There are lots of things you can’t control about metastatic triple-negative breast cancer (mTNBC). But there’s also a lot you do have power over. Choices about treatment, forms of support, and more will come up. Feel free to speak up and ask questions. You have a say in what you want. Here are some things to consider.
It’s Your Journey
There’s no doubt about it: mTNBC is challenging for anyone. But when you’re Black or Latina, it may be even more of an uphill battle. You’re more likely to get TNBC. And your odds of a good outcome may be lower for a lot of complicated reasons.
The chances your care team will look like you are slim. You may feel like they don’t understand you. This – among other reasons – is why advocating for yourself is important. You’re more likely to feel good about your treatment when you’re involved. You’re also more likely to get care that’s in line with your wishes and values. This helps you feel heard.
What Does It Mean to Advocate for Myself?
Cancer advocates are people who work to help better the lives of people with cancer. They might offer emotional support. They may help spread information and awareness. Advocates might also push for more research to improve treatment. While others can advocate for you, they can only do so much.
When you advocate for yourself, you think through your own wishes. You ask the questions you need to ask. You get the information you need to make proactive decisions you feel good about. In turn, you get the support and care that’s most meaningful to you.
To do this, you have to know yourself and what you want. You have to share your desires with everyone involved in your care. This includes your family, friends, doctors, and anyone else on your care team. Advocating for yourself doesn’t mean going it alone. By communicating with others, you gain strength through your connections.
How Can I Learn to Advocate for Myself?
Advocating for yourself comes more easily for some people than it does for others. If it’s harder for you, you can take steps to learn.
A good place to start is just realizing that you have choices. Nobody can make decisions about your treatment but you. Your doctors will have recommendations. They know a lot. But what you decide to do is ultimately up to you. These tips can help:
Arm yourself with the information you need. Your doctors are great sources. But you can also find good information online. Make sure it’s coming from reputable organizations such as the American Cancer Society.
Consider the pros and cons. For example, when your doctor suggests a certain treatment, ask about side effects and what happens if it doesn’t work. Do any risks outweigh the benefits?
Get a second opinion. You don’t have to go with everything the doctor says. If you have doubts or just want to get another doctor’s perspective before moving forward, you can do that.
Make choices that fit your priorities. How aggressive do you want your treatment to be? Are you interested in clinical trials?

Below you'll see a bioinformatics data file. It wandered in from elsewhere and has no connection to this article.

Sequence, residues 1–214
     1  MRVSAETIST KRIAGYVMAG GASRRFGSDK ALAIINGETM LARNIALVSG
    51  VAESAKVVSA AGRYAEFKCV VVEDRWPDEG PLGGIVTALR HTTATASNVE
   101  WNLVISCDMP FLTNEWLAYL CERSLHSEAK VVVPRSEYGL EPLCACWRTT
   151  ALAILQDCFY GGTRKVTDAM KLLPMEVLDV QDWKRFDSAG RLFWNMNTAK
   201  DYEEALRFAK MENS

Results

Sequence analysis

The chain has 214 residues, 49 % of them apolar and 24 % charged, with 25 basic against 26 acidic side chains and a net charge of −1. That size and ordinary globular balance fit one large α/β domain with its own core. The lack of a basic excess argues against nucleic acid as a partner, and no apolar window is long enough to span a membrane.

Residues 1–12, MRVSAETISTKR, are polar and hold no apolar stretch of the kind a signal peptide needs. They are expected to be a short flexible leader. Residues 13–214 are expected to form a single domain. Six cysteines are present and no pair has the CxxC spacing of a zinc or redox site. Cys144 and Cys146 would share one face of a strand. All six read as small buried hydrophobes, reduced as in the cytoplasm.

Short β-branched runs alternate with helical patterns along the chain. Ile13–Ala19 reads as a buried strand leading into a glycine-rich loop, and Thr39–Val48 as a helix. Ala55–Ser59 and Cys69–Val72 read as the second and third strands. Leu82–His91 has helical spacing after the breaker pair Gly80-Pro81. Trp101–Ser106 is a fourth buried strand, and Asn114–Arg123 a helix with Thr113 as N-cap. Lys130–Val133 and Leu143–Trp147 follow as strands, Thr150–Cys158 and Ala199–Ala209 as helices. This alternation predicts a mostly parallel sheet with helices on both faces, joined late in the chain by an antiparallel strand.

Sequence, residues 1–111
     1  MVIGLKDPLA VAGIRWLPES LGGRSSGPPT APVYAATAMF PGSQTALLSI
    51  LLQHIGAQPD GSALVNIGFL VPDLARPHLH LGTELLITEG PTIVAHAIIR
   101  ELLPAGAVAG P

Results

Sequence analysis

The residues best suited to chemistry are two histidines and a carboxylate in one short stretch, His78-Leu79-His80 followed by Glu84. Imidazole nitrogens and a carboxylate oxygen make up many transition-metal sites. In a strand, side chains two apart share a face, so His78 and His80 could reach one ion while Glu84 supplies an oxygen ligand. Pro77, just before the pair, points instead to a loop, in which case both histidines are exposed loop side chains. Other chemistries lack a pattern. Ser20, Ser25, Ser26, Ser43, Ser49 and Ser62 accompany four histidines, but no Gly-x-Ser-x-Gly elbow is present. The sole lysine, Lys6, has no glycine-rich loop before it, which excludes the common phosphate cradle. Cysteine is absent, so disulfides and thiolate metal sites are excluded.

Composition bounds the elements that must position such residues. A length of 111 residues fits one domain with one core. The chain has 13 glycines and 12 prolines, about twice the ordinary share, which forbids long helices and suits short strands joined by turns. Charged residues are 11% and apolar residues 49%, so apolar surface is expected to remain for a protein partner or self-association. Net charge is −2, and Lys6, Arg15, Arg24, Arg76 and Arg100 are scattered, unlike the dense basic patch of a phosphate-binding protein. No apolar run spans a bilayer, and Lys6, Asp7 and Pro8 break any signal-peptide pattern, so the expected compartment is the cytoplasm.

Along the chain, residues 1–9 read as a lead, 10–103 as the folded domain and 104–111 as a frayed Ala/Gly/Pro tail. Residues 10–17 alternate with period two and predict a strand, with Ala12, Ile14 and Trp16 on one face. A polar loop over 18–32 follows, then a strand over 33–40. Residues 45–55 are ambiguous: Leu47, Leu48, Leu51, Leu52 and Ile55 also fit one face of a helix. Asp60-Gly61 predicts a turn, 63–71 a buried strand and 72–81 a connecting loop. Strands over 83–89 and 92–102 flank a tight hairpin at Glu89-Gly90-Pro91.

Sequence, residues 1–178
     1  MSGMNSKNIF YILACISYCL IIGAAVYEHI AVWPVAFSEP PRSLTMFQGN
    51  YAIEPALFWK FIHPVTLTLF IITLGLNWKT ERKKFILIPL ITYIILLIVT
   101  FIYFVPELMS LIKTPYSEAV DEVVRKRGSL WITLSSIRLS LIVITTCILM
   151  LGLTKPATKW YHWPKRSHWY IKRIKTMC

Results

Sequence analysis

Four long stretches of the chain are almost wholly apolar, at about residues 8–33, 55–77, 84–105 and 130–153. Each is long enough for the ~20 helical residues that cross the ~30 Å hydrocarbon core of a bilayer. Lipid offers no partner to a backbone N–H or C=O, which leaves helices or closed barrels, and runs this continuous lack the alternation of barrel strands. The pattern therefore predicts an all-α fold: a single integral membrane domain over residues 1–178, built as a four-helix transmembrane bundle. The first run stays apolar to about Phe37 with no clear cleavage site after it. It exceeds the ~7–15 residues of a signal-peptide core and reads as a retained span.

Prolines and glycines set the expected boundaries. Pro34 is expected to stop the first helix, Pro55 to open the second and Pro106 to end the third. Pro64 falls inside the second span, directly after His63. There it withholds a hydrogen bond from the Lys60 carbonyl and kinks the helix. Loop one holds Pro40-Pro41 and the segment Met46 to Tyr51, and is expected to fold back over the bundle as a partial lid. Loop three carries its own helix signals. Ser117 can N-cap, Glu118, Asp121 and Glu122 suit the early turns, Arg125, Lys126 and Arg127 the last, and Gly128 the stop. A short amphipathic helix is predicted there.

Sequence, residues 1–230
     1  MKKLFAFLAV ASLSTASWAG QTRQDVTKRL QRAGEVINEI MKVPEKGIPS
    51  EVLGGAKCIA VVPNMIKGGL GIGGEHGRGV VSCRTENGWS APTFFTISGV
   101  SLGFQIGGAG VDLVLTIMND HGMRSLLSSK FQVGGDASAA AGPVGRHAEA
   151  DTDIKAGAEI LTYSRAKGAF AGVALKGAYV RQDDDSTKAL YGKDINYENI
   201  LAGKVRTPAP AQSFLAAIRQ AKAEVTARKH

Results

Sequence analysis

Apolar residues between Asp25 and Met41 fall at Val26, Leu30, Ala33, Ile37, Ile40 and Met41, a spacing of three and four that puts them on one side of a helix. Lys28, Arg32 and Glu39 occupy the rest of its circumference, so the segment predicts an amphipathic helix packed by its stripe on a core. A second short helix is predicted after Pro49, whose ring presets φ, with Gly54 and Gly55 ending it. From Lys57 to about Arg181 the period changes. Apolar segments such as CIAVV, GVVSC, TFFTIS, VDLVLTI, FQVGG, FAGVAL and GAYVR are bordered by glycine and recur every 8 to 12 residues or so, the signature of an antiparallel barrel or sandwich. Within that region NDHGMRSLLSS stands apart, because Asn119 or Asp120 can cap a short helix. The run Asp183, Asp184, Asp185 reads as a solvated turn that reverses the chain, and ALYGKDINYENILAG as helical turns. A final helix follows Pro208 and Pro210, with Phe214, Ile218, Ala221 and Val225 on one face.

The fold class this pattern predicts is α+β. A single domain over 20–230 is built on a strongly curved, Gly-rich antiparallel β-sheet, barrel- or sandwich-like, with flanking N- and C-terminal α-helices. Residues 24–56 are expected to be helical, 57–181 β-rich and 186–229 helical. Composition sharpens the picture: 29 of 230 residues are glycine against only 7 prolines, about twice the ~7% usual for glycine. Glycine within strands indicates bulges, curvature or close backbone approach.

Communicating Effectively With Your Care Team
When you share your thoughts and questions, it helps your care team get to know you as a person. You build common ground. And when your doctors understand your needs and concerns, it’s easier for them to help with any challenges you have.
You might not feel like you can share all this with your doctors because they’re short on time. Writing things down helps you make the most of your time. Look for someone on the team who’ll listen. Ask for their help if you feel like your primary cancer doctor isn’t getting it or doesn’t have the time. Perhaps there’s a nurse, social worker, or someone else on the team you can relate to more easily.
Don’t hesitate to find another doctor, especially if you don’t think your doctor is the right fit.
Where Can I Get Support?
Being your own best advocate doesn’t mean you don’t need support from other people. Being honest and specific with your family and friends about your needs is another way to advocate for yourself. There’s strength in letting some things go and allowing others to help.
By taking steps to connect with and help others, you’ll find support for yourself. You’ll gain the strength you need through your bonds with others in your life, including those who may also have mTNBC.
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Journal of Clinical Oncology: “Critical Shortage of African American Medical Oncologists in the United States.”
JCO Oncology Practice: “2022 Snapshot: State of the Oncology Workforce in America.”
Penn Medicine: “Black Women Face Three-Fold Increased Risk of Triple Negative Breast Cancers.”
Breastcancer.org: “Triple-Negative Breast Cancer Deadlier for Black Women, Partially Due to Lower Surgery, Chemotherapy Rates.”
Cancer Epidemiology, Biomarkers & Prevention: “Risk Factors for Triple-Negative Breast Cancer among Latina Women.”
American Society of Clinical Oncology: “Being a Cancer Advocate.”
ANS Advances in Nursing Science: “A Conceptual Framework of Self-advocacy in Women With Cancer.”